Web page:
A loss to Pakistan and a pluralistic world
An Armenian saying avers that one can snuff out a candle but there are always other matches to light a new candle. This came to mind when I learnt that Shahbaz Bhatti, the Federal Minister for Minority Affairs in Pakistan, had been killed in Islamabad when his car was ambushed by four religious extremists.
The only Catholic Christian in a shrunken government, Mr Bhatti had been one of the few outspoken politicians in Pakistan to campaign against the blasphemy law that has frequently been misused and abused to settle personal or political scores, stoke religious fanaticism and fuel bigoted intolerance.
In addition to Bhatti, two other prominent names to voice their opposition to this law were Salman Taseer, the Governor of Punjab, who was killed last January, and Member of Parliament Sherry Rahman who has gone into hiding in Pakistan despite rumours that she had fled to Dubai.
Reactions to this heinous crime came from Samuel Azariah, the presiding bishop of the ecumenical church of Pakistan as well as the General Secretary of the World Council of Churches in Geneva and the Archbishop of Canterbury. But such condemnations are wanting since this blasphemy law has been discriminating against Christians for decades. In fact, I wrote a Masters of Law treatise on this very theme almost two decades ago and it feels almost like yesterday!
My Christian faith teaches me that any murder is an unspeakable act of violence. But this particular murder also translates into an example of sectarian chauvinism impacting the security of Christians and other religious minorities in Pakistan. In fact, it pushes any hope for amending this law even further down the political agenda of the government and prolongs the violent discrimination against Christians.
Besides, this murder also muffles further the voices of those progressive and liberal men and women in the Pakistani political establishment who are willing to speak out against this blasphemy law and who would wish for a more just and inclusive society. But it seems to me that not only has Pakistan lost its sense of nationalism, the federal government has equally lost much control of the country and is becoming increasingly a pawn for those who use religion to further their jaundiced agendas. Anyone responsible for killing a decent human being because s/he is different is someone whose humanity is compromised and whose faith can neither be divine nor salvific.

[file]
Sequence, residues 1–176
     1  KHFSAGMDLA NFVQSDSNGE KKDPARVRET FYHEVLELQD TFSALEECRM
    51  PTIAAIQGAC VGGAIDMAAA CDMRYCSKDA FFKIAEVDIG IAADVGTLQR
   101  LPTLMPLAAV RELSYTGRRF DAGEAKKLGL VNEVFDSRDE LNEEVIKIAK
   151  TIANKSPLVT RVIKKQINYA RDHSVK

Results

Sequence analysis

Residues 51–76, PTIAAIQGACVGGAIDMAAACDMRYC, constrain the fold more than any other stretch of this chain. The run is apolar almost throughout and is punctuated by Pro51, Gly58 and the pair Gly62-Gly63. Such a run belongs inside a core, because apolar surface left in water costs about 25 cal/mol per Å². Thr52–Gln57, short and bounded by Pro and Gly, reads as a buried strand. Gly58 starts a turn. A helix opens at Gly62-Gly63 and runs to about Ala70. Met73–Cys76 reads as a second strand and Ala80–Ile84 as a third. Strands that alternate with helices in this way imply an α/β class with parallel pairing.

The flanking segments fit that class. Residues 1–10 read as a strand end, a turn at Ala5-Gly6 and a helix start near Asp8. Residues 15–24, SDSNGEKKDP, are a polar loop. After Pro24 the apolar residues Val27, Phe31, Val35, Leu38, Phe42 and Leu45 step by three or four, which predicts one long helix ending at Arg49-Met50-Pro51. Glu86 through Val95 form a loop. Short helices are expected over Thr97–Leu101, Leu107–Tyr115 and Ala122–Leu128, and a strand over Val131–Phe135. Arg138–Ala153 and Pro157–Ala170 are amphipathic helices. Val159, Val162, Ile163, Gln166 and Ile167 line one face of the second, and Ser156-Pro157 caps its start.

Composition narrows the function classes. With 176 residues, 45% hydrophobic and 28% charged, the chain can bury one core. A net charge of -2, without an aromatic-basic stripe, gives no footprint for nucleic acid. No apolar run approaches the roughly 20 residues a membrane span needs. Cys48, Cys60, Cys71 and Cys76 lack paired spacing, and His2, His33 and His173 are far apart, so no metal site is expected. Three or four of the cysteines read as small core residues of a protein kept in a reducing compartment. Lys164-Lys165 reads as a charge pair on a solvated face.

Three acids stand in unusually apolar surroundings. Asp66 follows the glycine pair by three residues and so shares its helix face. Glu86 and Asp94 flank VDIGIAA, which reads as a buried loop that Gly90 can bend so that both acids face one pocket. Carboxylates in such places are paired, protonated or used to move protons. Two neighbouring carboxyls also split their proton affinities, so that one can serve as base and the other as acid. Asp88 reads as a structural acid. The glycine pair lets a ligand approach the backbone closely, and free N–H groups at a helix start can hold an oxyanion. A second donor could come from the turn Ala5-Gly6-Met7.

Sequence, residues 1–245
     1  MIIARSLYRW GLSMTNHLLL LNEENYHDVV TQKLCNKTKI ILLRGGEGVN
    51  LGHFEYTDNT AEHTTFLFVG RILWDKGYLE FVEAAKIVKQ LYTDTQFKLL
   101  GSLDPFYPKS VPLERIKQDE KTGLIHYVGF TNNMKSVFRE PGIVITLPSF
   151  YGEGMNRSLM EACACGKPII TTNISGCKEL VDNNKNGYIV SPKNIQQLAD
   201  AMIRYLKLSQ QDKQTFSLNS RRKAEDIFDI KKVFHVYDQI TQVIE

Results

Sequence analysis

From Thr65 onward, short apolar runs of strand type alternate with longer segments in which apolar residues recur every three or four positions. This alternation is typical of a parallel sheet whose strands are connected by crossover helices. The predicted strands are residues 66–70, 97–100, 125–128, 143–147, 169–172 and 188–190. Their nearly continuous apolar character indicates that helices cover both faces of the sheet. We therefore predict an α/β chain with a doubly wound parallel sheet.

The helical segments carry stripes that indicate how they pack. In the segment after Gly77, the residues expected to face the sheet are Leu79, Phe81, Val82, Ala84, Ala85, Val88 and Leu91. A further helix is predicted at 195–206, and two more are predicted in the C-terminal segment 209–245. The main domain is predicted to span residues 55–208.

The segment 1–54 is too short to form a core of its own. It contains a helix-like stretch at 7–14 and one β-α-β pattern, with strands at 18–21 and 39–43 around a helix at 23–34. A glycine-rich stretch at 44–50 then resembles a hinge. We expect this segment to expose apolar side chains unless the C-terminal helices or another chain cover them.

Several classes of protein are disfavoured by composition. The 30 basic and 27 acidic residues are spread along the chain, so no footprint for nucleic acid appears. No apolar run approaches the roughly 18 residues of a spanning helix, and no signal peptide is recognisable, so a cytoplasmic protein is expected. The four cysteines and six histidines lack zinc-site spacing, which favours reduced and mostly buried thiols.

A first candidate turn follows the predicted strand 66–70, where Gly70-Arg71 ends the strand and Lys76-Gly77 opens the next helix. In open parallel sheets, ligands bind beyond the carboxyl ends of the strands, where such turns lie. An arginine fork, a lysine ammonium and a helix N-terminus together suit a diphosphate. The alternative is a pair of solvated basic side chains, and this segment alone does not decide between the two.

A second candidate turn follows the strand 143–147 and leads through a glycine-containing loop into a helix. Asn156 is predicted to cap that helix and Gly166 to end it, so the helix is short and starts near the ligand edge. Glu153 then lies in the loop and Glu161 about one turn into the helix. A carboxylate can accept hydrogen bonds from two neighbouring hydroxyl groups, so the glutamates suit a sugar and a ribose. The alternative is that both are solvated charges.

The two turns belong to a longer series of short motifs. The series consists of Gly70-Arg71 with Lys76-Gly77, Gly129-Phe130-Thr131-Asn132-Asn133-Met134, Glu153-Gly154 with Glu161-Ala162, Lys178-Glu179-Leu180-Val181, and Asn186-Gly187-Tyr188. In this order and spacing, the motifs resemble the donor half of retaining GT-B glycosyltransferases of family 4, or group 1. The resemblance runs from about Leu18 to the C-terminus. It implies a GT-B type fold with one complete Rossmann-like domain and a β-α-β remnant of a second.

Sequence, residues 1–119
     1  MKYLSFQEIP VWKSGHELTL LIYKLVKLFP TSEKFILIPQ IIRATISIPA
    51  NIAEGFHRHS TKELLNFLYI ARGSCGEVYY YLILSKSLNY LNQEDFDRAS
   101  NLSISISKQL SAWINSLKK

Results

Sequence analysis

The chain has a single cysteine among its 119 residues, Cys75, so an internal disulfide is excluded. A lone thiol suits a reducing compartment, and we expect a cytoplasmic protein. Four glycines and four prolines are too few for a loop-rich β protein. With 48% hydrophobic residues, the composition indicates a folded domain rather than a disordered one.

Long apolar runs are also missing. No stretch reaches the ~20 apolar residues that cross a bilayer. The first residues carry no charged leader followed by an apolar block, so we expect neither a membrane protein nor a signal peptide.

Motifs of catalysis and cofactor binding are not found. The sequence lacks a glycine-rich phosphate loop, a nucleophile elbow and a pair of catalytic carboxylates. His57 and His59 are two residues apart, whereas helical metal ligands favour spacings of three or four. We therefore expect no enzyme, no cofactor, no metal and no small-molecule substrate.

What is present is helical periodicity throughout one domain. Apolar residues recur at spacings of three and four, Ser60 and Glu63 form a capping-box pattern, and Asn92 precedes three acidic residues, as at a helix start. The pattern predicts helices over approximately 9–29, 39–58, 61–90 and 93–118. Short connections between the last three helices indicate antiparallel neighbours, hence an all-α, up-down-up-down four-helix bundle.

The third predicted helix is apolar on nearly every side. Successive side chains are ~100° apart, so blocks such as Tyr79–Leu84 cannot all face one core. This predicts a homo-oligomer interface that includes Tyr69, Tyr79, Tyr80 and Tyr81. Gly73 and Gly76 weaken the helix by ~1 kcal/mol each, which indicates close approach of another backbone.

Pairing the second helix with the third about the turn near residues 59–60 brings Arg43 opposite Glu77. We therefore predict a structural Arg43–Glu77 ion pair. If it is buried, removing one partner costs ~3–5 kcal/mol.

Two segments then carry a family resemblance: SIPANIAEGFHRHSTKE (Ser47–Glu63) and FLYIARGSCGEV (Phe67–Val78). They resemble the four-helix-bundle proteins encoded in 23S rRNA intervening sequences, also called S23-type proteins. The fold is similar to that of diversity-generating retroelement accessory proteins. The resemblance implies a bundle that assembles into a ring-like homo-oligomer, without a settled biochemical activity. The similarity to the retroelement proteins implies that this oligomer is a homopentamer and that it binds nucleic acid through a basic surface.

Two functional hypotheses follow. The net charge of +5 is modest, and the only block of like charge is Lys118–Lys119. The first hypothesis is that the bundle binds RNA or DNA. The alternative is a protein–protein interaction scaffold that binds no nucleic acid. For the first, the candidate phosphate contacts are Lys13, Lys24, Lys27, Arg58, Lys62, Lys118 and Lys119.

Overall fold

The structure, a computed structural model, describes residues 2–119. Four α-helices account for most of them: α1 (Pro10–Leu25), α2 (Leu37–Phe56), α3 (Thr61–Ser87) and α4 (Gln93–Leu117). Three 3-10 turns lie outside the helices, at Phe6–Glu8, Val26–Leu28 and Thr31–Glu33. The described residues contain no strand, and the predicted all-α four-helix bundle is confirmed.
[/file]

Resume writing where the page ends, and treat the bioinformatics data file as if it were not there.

But will the Pakistani government be compelled to adopt serious counter-measures? Very unlikely since it is weak anyway and our own politicians are far too preoccupied with their own interests in a region adjacent to Afghanistan to apply any real pressure! So will Christians and other religious minorities continue suffering from such acts that are perpetrated with sheer impunity? Quite likely!
And what about us Christians who believe in a universal fellowship of believers? Well, I recall an interview with Mr Bhatti some months ago when he admitted that he was aware of his own cross. So in memory of this cross Mr Bhatti died for, we should now look for the box of matches that would light yet another candle.
(c) Harry Hagopian is an international lawyer, ecumenist and EU political consultant. He also acts as a Middle East and inter-faith advisor to the Catholic Bishops’ Conference of England & Wales and as Middle East consultant to ACEP (Christians in Politics) in Paris, and he is a regular Ekklesia contributor (http://www.ekklesia.co.ukHarryHagopian). Formerly, he was Executive Secretary of the Jerusalem Inter-Church Committee and Executive Director of the Middle East Council of Churches. He is consultant to the Campaign for Recognition of the Armenian Genocide (UK) and author of The Armenian Church in the Holy Land. Dr Hagopian’s own website is www.epektasis.net
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